Articles

  • Cervia is a classy beach town on the Adriatic two hours south of Venice. Jammed in summer with vacationing Italians and other Europeans, it is tranquil and underpopulated in the spring, with a gentle breeze blowing in from offshore. Perfect for kiteflying, in short.
  • To the best of present knowledge, the word “kite” stems from the Old English “cyta,” meaning a bird of prey of the hawk family and distinguished by long pointed wings and a forked tail. The bird was also called a “glade” in England and was fairly common there during the Middle Ages.
  • More than might be imagined, it is a commonplace for there to be conflicting claims regarding the primacy of invention in the field of kites, flight...and all inventions. These contests of authorship tend to follow a pattern and reflect attitudes reminiscent of the information recently presented by Istvan Bodoczky, who has raised a question concerning the origin of the Sled kite. The l904 Hungarian ethnographic journal he enters into evidence includes a description, accompanied by a drawing, of a “Buda Jewish kite” remarkably similar in its appearance to William A.
  • It is very remarkable how people pass by good inventions and good ideas and won’t take to them. Kites, for instance, have been known for hundreds of years. Everyone knows of them the world over, yet till a few years ago no one thought of putting them to any use. When I say no one, I do not mean that exactly, for Franklin and others, of course, used kites for meteorological experiments; Pocock drew a little carriage along with them, and several others suggested their use for life-saving at sea.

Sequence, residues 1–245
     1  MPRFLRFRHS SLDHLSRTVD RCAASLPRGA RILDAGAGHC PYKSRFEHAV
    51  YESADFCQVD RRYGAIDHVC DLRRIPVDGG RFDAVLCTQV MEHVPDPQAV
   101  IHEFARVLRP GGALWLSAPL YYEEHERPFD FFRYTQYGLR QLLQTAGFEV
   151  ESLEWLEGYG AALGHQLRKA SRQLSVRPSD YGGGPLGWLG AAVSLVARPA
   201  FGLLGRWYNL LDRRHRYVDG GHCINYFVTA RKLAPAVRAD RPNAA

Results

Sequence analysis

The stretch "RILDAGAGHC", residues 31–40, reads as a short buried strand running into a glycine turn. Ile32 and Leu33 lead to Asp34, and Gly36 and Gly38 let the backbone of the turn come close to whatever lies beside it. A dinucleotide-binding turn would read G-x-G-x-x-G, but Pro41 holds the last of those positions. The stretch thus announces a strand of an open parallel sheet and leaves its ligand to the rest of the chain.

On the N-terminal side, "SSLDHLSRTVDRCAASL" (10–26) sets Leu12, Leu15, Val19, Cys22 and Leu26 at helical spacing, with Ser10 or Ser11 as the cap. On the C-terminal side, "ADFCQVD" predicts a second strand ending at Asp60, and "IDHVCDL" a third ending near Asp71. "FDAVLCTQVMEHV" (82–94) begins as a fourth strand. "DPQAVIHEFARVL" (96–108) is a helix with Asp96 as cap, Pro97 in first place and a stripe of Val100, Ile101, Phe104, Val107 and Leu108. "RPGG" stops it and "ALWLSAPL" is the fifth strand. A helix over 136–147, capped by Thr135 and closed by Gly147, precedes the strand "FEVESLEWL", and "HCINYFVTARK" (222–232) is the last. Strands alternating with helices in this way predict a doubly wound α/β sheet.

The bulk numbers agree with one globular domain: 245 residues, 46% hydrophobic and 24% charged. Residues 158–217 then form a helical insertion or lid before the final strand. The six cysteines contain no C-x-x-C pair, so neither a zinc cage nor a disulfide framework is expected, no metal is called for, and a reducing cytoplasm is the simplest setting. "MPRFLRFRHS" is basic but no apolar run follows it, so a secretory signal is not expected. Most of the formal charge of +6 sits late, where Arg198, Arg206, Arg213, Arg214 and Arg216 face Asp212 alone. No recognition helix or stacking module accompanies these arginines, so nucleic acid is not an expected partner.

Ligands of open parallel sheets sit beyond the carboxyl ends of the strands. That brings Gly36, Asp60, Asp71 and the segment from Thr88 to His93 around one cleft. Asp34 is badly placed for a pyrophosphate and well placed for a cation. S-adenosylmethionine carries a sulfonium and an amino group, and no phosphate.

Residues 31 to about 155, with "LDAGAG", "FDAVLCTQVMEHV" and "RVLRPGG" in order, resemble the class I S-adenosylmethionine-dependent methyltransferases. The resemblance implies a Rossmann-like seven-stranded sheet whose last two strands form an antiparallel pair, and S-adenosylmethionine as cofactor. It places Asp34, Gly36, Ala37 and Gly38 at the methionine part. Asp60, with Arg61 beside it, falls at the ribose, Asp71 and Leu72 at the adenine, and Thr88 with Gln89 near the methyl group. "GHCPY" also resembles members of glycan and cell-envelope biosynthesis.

• Samuel F. Cody’s kites and other artifacts of Farnborough England’s 100-year-history as the birthplace of British aviation are expected to find an exhibition home when a huge airship hangar is rebuilt at Farnborough, west of London. Farnborough was the home of the famous old balloon factory of l905 where the British developed their wide-ranging aviation establishment prior to World War 1.
  • When Christophe Cheret and associate Richard Poisson, both Burgundians from France, went to Hebron in Palestine last summer to teach kitemaking and flying to Arab children, they found that kiting was one of the few play activities there. The reasons have to do with the special circumstances of life in one of the most highly disputed cities in the world. Hebron has 500 Jewish settlers living, for religious reasons, in the midst of 120,000 Moslem Palestinians. Only Israeli army protection permits this to continue.
  • "“Among (Mr. Wilson’s) more advanced students...was Thomas Melville, so well known by his mathematical talents, and by those fine specimens of genius which are to be found in his posthumous papers....With this young person, Mr. Wilson lived with the greatest intimacy. Of several philosophical schemes which occurred to them in their social hours, Mr. Wilson proposed one, which was to explore the temperature of the atmosphere in the higher regions, by raising a number of paper kites, one above another, upon the same line with thermometers appended to those that were to be most elevated.
  • There’s no organization, no schedule, no events, few spectators. It’s not a festival. It’s just Fano— an annual gathering of many thousands of kite makers and fliers, mostly European, on nine miles of Danish hard sand beach during a week in June. Vehicles can be driven right out onto the sand and there they are used as staging points as fliers fly their kites, meet friends, and party. An island in the North Sea, Fano is well north (on a level with Copenhagen), so the sun doesn’t really set in the summer and flying goes on around the clock.
  • With financial assistance from the Drachen Foundation, the Royal Aeronautical Society of England is conserving its unique collection of Lawrence Hargrave material. An Anglo-Australian, Hargrave was a l9th century aeronautics pioneer whose fame largely rests on his invention of the box kite in l893.